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Friends of the Rail Park Announces Summer Sunset Series

After an event hiatus through the pandemic, the organization is hosting a free summer event series on Friday nights at the Rail Park 


Friends of the Rail Park (FRP), the non-profit organization that stewards, programs, and advocates for the Rail Park, announced their Summer Sunset Series, beginning June 18. Through September, Friends of the Rail Park will host specially curated wellness sessions followed by hands-on workshops, conversations and performances in partnership with local organizations, community members, and artists. The series of free events will take place at the park every other Friday, from 5 PM to 7 PM. 

“After a challenging year and a half, Philadelphians are looking to get outside, connect with each other, and experience what our city’s arts and culture communities have to offer. Over 25 organizations, institutions, and individual artists will be filling the roster for the Summer Sunset Series” said Rebecca Cordes Chan, Executive Director of the Rail Park. “Our public parks are the perfect spaces to safely resume the activities we enjoyed pre-pandemic, and we’re excited to reactivate the Rail Park with a focus on wellness and community building after a long event hiatus.” 

The Summer Sunset Series is hosted in partnership with Nalaverse, a Black-owned and women-led mental wellness community emerged during the pandemic to offer pay-what-you-can virtual meditation, breathwork, and yoga classes. Each event in the series will begin with a wellness session, curated by Nalaverse.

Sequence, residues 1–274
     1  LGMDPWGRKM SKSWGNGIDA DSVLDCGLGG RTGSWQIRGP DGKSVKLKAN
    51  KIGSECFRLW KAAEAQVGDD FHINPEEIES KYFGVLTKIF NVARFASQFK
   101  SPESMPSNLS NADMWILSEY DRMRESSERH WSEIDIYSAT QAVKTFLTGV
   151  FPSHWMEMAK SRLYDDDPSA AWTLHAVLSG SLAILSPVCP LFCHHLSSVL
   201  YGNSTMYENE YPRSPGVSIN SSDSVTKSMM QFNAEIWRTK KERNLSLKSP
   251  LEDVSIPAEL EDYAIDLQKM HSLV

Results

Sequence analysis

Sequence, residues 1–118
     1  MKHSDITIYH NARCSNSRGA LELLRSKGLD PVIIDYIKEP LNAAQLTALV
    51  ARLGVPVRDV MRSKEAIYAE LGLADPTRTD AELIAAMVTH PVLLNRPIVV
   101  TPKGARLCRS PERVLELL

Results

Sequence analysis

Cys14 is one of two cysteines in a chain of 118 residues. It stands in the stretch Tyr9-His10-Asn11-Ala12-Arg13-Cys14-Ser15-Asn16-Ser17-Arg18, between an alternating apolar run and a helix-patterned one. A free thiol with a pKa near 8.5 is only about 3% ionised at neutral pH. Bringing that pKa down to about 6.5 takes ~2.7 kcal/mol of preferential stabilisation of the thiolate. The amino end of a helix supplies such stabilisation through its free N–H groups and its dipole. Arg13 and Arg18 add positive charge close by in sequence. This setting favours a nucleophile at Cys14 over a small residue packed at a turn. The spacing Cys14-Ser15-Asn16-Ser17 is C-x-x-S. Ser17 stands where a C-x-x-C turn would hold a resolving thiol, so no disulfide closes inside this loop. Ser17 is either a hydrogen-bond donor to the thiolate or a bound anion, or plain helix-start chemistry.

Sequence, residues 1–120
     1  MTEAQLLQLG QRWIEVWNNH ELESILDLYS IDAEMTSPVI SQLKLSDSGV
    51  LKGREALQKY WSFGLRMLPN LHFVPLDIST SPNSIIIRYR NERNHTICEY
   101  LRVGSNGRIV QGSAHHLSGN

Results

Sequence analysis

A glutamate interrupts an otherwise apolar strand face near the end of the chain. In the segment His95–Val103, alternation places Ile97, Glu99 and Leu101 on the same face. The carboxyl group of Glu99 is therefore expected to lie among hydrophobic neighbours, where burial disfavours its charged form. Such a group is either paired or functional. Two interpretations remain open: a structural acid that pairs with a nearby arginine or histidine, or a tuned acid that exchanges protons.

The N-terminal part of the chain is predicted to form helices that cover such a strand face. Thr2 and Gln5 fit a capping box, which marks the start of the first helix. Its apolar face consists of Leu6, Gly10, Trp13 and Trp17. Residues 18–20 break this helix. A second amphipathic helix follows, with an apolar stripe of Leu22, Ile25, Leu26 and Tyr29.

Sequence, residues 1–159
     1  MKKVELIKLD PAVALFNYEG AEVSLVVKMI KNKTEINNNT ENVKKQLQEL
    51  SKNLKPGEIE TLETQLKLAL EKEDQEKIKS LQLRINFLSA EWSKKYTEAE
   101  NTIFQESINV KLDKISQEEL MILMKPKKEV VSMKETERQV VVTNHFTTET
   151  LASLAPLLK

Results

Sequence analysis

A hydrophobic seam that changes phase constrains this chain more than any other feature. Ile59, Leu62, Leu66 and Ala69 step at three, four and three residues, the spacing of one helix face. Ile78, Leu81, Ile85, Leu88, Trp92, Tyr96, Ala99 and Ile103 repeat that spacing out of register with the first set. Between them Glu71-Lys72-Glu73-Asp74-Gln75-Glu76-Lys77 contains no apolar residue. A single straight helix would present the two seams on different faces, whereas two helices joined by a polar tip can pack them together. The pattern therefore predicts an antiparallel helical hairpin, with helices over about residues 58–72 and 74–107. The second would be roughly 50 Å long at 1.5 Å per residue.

“We’re excited to partner with the Rail Park to offer inclusive meditation, breathwork, and sound healing classes. Our classes have been virtual since August 2020, so we’re really grateful for the opportunity to share Nalaverse with the Philadelphia community in-person,” said Theresa Shropshire, Co-Founder and CEO of Nalaverse. 

The Series will kick off on June 18 with the Rail Park’s Third Birthday Party. The free event will feature a guided meditation by the Nalaverse, live music by REC Philly, performances by Kun-Yang Lin dancers, a printmaking workshop with local artist Justine Kelley, a walking tour with Land Health Institute, and more. 

Event capacity is limited due to ongoing observance of COVID-19 precautions and pre-registration is required for participation. More information can be found on the Rail Park’s website at

Friends of the Rail Park 

Founded in 2010 after years of advocacy by a committed group of community members, Friends of the Rail Park (FRP) is the non-profit organization that drives the vision behind the transformation of historic rail lines that traverse Philadelphia into the Rail Park. FRP’s mission is to build bold, transformative, and inclusive public space that connects Philadelphia’s residents and visitors to the city and each other. Working in close partnership with Philadelphia Parks & Recreation, FRP is part of a growing international movement of infrastructure reuse projects, supporting community development and transforming cities in the process. 

The Rail Park is a vision for a three-mile linear park and multi-use pathway connecting 10 distinct Philadelphia neighborhoods and 50+ city blocks along the site of former historic Reading and Pennsylvania Railroad lines. The above and below grade site offers an opportunity to create a world class public space driven by collaborating with communities from every corner of the city, building from existing cultural assets, promoting health and wellness, and advancing equitable access to the investment in this large-scale public works project, positioning the park as an integral part of comprehensive community development in Philadelphia. 

Opening to the public in June 2018, Phase One of the Rail Park is a $13 million project transforming a quarter-mile section of the former Reading Railroad—which reaches from Broad and Noble streets up onto the elevated 1100 block of Callowhill Street in Philadelphia. Serving as a stunning “proof of concept,” Phase One is a welcoming community greenspace, with pathways, low-maintenance perennial plantings, trees, seating, bench-style swings, local art, and elevated city views. The design preserves and restores much of the historic steel viaduct structure, while introducing materials of a similar industrial scale and character.

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